ALEXA: I don’t want to be afraid of hurting somebody’s feelings when I’m communicating my needs, so that’s something that I’m also trying to work on, because as I said, often times I’ll just clamp up instead of speaking up for myself. So now I’m doing more talking on my own, and I’m getting more comfortable in exercising my control of the situation, because I know that it’s important to be able to do that.

 

LEAH: One of the things that was a major piece of your story in the show and I recognize that it’s edited so this wasn’t necessarily your whole story, but was the conversation around having had a pregnancy. It sounded from what they showed that he maybe removed a condom.

 

I’m not interested in making him the bad guy in asking these questions. I’m curious about what that experience was for you of discovering that maybe your consent wasn’t a primary consideration for your partner in that experience.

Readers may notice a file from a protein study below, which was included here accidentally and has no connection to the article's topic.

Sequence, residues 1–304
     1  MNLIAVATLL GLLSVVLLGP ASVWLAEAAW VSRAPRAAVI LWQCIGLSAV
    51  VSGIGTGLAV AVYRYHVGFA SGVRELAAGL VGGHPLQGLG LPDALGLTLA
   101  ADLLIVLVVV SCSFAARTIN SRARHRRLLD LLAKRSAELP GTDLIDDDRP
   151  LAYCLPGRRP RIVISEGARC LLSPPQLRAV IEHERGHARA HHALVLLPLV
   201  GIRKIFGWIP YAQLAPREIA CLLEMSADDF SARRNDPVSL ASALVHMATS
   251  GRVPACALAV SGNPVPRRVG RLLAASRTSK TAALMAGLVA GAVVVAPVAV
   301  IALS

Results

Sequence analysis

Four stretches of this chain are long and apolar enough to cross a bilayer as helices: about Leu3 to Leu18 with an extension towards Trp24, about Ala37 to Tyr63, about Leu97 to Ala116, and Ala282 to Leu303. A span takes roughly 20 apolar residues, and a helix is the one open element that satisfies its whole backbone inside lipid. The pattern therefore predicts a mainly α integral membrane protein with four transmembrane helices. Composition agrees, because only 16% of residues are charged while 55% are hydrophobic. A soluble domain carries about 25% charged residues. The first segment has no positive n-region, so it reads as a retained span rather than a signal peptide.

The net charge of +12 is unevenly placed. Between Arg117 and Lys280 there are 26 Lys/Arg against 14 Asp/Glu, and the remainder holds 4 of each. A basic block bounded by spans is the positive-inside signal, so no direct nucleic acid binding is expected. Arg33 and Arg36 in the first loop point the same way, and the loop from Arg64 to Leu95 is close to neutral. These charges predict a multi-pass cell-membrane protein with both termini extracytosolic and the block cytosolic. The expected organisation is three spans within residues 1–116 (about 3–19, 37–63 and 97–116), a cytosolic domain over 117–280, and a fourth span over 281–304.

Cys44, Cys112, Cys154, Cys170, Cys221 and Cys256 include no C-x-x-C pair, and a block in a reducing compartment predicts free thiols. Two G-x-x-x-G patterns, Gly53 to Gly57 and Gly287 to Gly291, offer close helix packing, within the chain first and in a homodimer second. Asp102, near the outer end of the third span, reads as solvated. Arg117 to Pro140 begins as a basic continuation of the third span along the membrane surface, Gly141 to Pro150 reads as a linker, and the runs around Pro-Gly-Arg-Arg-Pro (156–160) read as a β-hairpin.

[DING]

 

LEAH: Alexa said: “Yes, that entire situation was really awful. It was just a terrible experience overall and it was such a hard time for me. And for the first few months, I really was convinced that he did it on purpose. It was a conversation we had several times, and it was just a terrible time. It was a very sticky situation overall and it was very confusing for both of us. I was really pissed off, and scared, and I don’t think that was very healthy for me at that point.

Here’s what happened: I started birth control the week Daequan and I got together. I communicated that with him, explaining how birth control doesn’t go in effect until a week or so after. He was fully aware of that.

Protection is obviously very important, it’s huge. And I decided to make that decision because you have to be careful and take your own health into consideration. If I want to have kids, it’ll be up to me, but I don’t want to do that now.